Plans made for next VentureTech Week

PERRYSBURG – Northwest Ohio’s first VentureTech Week has been so successful, plans are already being made
to host a second one in 2010.
The event is aimed at helping potential technology entrepreneurs network with peers, successful business
people and investors with venture capital. Wednesday evening’s opening session called Tech Connect drew
300 people, while about 200 attended Thursday’s all day Tech Fair.
It concludes today with an entrepreneurial "boot camp" to help persons with technological ideas
learn how to actually start a tech-based business. (Photo: Dr. Roger Newton, codiscoverer of Lipitor,
talks to Deanne Snavely of BGSU before giving his talk about his Esperion business and being an
entrepreneur while at the Hilton in Perrysburg. (Photo: Aaron Carpenter/Sentinel-Tribune))
The event, held at the Hilton Garden Inn, was organized by Toledo’s Regional Growth Partnership (RGP) and
Rocket Ventures, a specialized office of the RGP.
During Thursday’s lunch session, RGP President Steve Weathers announced, "We’d like to do this next
year." He requested input from the attendees "to make it more valuable for guests next year.
It’s something that’s never been done before," and the hope is to again showcase successful
entrepreneurs and high-tech companies willing to network with others.
Bowling Green State University has been the lead sponsor. "They really made a great effort to
promote this," said Julie Myers, marketing director for Rocket Ventures. "They have great
representation of both students and faculty."
"BGSU understands that technology is the key driver of the new economy," wrote BGSU President
Dr. Carol Cartwright in her letter to the event’s participants. "We’re helping northwest Ohio and
the state become a leader in green energy through our one-of-a-kind photochemical sciences program and
research in wind energy and biofuels."
BGSU’s Provost Dr. Kenneth Borland kicked off Thursday’s Tech Fair with his welcome during the breakfast
session which also featured keynote speaker Jim Haudan, founder and CEO of Root Learning in Sylvania.
During two sessions, 15 companies were able to make sales pitches to investors. The companies ranged
from alternative energy to bioscience, clean technology and advanced manufacturing.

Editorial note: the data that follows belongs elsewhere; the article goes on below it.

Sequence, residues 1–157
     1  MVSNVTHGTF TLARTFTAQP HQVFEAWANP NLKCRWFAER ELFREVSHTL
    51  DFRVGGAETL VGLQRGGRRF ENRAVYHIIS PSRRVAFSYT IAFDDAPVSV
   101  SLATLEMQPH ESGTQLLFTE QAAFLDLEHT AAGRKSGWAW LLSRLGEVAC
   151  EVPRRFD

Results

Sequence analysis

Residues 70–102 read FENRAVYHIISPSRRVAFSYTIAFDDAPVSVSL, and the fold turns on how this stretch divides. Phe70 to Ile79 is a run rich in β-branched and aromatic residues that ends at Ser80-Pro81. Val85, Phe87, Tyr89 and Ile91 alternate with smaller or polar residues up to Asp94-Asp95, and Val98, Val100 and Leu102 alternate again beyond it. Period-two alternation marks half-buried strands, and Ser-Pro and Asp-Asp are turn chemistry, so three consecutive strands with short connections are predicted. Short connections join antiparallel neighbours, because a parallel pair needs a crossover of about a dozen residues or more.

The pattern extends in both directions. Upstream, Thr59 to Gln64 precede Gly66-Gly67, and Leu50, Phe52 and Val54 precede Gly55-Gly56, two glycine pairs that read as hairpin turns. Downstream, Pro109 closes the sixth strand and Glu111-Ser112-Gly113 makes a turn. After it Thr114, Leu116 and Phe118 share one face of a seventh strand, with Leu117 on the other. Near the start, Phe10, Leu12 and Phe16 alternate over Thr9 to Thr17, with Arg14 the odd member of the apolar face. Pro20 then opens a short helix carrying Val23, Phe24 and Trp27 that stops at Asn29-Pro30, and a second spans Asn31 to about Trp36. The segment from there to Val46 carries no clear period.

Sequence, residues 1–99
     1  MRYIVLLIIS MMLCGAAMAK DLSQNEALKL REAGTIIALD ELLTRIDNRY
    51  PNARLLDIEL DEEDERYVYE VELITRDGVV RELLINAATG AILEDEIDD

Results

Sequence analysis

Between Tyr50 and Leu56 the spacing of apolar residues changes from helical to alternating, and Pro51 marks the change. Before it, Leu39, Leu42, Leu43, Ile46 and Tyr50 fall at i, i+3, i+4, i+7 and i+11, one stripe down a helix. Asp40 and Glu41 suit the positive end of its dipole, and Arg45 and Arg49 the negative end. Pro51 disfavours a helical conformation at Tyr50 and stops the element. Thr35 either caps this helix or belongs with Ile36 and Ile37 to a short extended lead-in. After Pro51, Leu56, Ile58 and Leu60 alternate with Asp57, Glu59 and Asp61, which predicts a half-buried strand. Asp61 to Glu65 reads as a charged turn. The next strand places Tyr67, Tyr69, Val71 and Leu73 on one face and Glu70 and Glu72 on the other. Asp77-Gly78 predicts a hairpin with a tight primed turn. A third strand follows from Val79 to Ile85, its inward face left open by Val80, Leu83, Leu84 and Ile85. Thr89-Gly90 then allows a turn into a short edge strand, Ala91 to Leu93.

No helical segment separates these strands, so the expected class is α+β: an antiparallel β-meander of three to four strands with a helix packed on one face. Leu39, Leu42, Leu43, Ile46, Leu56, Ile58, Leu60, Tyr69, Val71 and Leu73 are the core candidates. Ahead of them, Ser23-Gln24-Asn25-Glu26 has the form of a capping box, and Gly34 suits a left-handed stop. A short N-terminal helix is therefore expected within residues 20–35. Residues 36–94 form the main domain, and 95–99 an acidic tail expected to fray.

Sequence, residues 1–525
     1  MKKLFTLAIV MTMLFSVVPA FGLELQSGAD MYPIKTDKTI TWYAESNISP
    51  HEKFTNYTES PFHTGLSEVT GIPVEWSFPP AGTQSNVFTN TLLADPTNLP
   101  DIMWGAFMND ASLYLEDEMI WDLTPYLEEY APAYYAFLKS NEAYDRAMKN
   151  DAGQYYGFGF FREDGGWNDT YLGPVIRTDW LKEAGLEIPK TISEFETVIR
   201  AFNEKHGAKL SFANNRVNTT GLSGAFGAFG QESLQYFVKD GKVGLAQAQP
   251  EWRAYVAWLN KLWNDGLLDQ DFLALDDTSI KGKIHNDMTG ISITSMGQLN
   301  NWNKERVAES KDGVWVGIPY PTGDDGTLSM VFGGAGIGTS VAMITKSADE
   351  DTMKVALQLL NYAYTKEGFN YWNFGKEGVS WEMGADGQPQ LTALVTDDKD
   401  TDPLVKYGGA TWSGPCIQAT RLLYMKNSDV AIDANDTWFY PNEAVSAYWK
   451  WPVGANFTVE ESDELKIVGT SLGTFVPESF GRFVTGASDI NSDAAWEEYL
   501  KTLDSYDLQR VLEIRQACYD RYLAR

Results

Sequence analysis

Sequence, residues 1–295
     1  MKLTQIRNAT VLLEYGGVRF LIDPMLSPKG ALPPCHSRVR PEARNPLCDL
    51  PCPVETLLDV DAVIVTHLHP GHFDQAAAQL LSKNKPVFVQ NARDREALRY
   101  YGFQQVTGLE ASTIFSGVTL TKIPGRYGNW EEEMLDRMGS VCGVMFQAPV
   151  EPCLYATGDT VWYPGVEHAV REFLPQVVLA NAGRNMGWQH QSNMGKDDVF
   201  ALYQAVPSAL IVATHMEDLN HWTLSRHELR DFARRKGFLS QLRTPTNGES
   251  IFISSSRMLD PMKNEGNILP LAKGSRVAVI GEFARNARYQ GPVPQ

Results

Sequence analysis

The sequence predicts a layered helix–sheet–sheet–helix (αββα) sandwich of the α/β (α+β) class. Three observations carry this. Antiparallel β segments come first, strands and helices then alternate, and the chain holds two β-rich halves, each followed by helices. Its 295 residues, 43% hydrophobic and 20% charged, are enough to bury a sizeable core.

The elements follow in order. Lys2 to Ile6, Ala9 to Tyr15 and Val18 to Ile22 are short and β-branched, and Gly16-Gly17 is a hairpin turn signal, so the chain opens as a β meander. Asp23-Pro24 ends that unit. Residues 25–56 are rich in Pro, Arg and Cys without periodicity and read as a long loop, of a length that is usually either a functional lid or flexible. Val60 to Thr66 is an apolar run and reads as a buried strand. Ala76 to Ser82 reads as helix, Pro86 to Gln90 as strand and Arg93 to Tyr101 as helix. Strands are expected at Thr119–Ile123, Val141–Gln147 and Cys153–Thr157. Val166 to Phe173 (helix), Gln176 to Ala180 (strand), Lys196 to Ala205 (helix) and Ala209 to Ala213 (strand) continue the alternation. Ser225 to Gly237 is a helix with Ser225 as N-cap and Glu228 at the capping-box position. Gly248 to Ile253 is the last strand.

As the luncheon keynote speaker, Dr. Roger Newton, founder and CEO of Esperion Therapeutics in Ann Arbor,
and a co-developer of the cholesterol-reducing drug Lipitor, shared the journey of his company’s
founding, its acquisition and later, closing, by Pfizer, and how he restarted it.
In his introduction of Newton, Rocket Ventures Director Greg Knudson said sales of Lipitor now average
$13 billion worldwide, twice that of its nearest competitor. "That, to me, is a business
triumph," he stated.
A nutritional biochemist, Newton said while he worked for Parke-Davis its research team discovered 11
lead compounds, including Lipitor. But what happened in the automotive industry, consolidation, occurred
in the pharmaceutical industry, with the result that research and development groups were reduced.
Parke-Davis celebrated the discovery of the Lipitor compound, ignoring the 15 years of research it took
to find it and the work of 100s of people, and asked when "the next blockbuster" would come
But Newton noted that when a company is unwilling to take on risk, it "creates new opportunities for
new companies to start. You can actually start new companies with new ideas."
As a result, he left Park-Davis and formed Esperion Therapeutics in 1998 with friends who shared a common
vision for the company. The founders raised the funding they needed. "You can raise money when
people tell you you can’t," he said. The company built a portfolio of biopharmaceuticals which
focused on "good" cholesterol therapy and was "the belle of the ball" for about six
weeks before Pfizer acquired it for $1.3 billion in 2004.
Three years later it closed the company. In 2008 Newton restarted Esperion as an independent company with
$23 million in venture capital funds.